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Subject: RE: Which Town is MacColl's Dirty Old Town?
From: Paul Burke
Date: 07 May 08 - 03:22 AM

There's quite a few of us from Salford here Gregor. It's such a good place top come from. It's about 120 miles to Scotland, 150 miles to Ireland (or 25 if Ireland begins at Knotty Ash), and 25000 miles to Yorkshire (the sensible way).

Glasgow, Glasgow, where are you?
180 from Salford.

Apologies to Ivor Cutler.


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Subject: RE: Which Town is MacColl's Dirty Old Town?
From: GUEST,Gregor Mckwar
Date: 06 May 08 - 10:50 PM

OK. I've just come across this by accident as I was reading up on the old man(Ewan) as I come from Salford(I actually was born in Leith, Edinburgh, but moved here aged 3). The interesting thing about all this is just how much shite a lot of people here have written about this subject. Firstly, the song is written about Salford! Secondly, Salford IS NOT a borough of Manchester, we are a city in our own right!! It is true that geographically we are as siamese twins and due to the proximity we share a great deal socially and culturally, for example, Manchester United has always been considered to be a Salford mans football team, but we are still two separate cities with separate Councils and Courts. Furthermore, Greater Manchester DOES STILL EXIST and it covers a vast area which includes Salford, Manchester, Oldham, Bolton, Bury, Haywood and the list goes on and on. We all used to be Lancashire but they came up with the idea of Greater Manchester in the 70's and old Lancashire(which was vast and covered places from Liverpool to Blackburn) was simply split up in bits.

I know this was a bit of a rant but I'm tired and needed to put a few things straight as I appear to be the only person on here from Salford.

One last thing, in terms of people thinking there is a Celtic link to the song, that is understandable as MacColl was a Celt and a vast amount of people in these old North West Of England Industrial Cities have Celtic roots as vast amounts of people from Scotland and Ireland flooded here during the industrial Revolution. After all, as the crow flies we can only be about 200/250 miles away from Scotland and probably only 100/150 miles away from Ireland(that is a tired man's guess but it can't be far wrong) You only need to see the amount of Scots and Irish that turn up at Old Trafford on a weekend to get the idea!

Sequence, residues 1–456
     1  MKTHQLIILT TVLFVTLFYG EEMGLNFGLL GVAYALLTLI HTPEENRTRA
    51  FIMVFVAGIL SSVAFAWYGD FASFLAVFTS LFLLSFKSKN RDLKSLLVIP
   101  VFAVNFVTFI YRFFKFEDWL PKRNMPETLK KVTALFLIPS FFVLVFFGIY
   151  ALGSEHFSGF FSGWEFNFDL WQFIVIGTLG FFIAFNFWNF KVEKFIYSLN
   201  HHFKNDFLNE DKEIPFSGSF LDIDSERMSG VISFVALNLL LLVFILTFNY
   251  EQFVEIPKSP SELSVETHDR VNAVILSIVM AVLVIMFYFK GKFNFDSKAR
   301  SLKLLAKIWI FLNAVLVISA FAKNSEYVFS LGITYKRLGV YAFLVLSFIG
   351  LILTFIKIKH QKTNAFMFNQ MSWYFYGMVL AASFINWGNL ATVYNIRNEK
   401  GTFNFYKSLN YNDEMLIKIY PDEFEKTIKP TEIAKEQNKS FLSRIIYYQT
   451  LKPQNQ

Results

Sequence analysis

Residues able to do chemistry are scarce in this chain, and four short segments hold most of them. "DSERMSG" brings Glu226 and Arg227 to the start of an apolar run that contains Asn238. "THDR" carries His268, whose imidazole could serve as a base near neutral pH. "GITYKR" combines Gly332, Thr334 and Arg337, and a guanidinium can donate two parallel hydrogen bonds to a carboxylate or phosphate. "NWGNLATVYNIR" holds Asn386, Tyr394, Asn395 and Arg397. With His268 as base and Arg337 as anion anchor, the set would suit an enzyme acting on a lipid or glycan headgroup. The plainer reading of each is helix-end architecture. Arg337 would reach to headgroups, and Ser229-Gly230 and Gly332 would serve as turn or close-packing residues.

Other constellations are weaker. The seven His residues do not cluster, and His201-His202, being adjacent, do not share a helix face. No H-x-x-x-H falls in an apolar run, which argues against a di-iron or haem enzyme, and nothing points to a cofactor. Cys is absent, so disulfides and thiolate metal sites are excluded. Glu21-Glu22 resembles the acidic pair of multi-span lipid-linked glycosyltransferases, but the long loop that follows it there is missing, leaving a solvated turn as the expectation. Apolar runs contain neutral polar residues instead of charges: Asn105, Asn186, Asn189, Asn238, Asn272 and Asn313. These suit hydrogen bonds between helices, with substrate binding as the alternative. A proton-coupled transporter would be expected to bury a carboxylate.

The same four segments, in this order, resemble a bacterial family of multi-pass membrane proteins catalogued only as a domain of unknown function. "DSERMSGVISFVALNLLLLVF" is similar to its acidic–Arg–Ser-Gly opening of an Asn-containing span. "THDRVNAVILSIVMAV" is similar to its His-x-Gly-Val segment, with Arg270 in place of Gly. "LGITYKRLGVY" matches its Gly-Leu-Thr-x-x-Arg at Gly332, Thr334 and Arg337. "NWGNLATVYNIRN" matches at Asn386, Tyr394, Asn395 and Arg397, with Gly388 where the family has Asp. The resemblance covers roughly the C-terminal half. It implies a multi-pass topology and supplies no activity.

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Subject: RE: Which Town is MacColl's Dirty Old Town?
From: GUEST,GUEST, Johann Von Schmutzig
Date: 19 Nov 07 - 03:28 PM

Much more about the political twists of this fascinating life may be found in a new book by
Ben Harker: Class Act: The Cultural and Political Life of Ewan MacColl (London and Ann Arbor: Pluto, 2007).
excerpts here, including bits from James Henry Miller's military file:
http://www.balladofaccounting.com/ewanmac.php
Enjoy,
Johann


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Subject: RE: Which Town is MacColl's Dirty Old Town?
From: George Papavgeris
Date: 18 Nov 07 - 05:12 PM

Salonika.

Oh, no, that was that other song...


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Subject: RE: Which Town is MacColl's Dirty Old Town?
From: GUEST,Terry McDonald
Date: 18 Nov 07 - 05:05 PM

and 'Grammar'


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Subject: RE: Which Town is MacColl's Dirty Old Town?
From: GUEST,planktwatrockery
Date: 18 Nov 07 - 12:09 AM

"carpets"


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Subject: RE: Which Town is MacColl's Dirty Old Town?
From: GUEST,punkfolkrocker
Date: 18 Nov 07 - 12:01 AM

such an iconic song has through time and oral transmission
far trancended its specific intended localized origins..

wha hey.. F@ck me.. did i write that !!????


i reckons it was writed down on paper about Bridgwater in somerset..




or if you want to get really dirty..



Highbridge..



basically its a song for any old school working class grammer school boy/girl

any where in the UK who was born back in the days before colour televisions and fitted catpets..


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Subject: RE: Which Town is MacColl's Dirty Old Town?
From: GUEST,Ruston Hornsby
Date: 17 Nov 07 - 04:44 PM

If you really want to you can drive down the M602 and at the end you can find the "Gas Works Croft" - a bit of waste land by the gas works. The last time I was there it was a derelict used car lot. Nearby is also the Manchester Ship Canal and the disused Manchester Bolton and Bury Canal (closed just prior to WW2). There are also plenty of railway lines where the glare from an open firebox door of a steam loco would certainly set the night on fire. I'm quite happy with Salford being the inspiration but you can apply the spirit of the song to many old industrial towns. Just as long as you don't present it as an Irish song by the Pogues which is what most pub bands seem to do. I've actually heard it sung in a Salford pub by a local guy in a cod-Irish accent.............


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Subject: RE: Which Town is MacColl's Dirty Old Town?
From: GUEST,Jim Carroll
Date: 17 Nov 07 - 04:21 AM

Peggy give 'smokey wind' in the Ewan MacColl songbook, but there was never any doubt that he wrote it about Salford (The Venice of the North), he said so himself often enough.
He was quite proud that so many people from different areas of the globe identified with it enough to claim it as their own.
Jim Carroll


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Subject: RE: Which Town is MacColl's Dirty Old Town?
From: Brakn
Date: 16 Nov 07 - 08:37 PM

I was told it was about Broadheath, Altrincham (they say, the first industrial estate) but I knew it was really about Salford. It is Salford!


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Subject: RE: Which Town is MacColl's Dirty Old Town?
From: Betsy
Date: 16 Nov 07 - 08:36 PM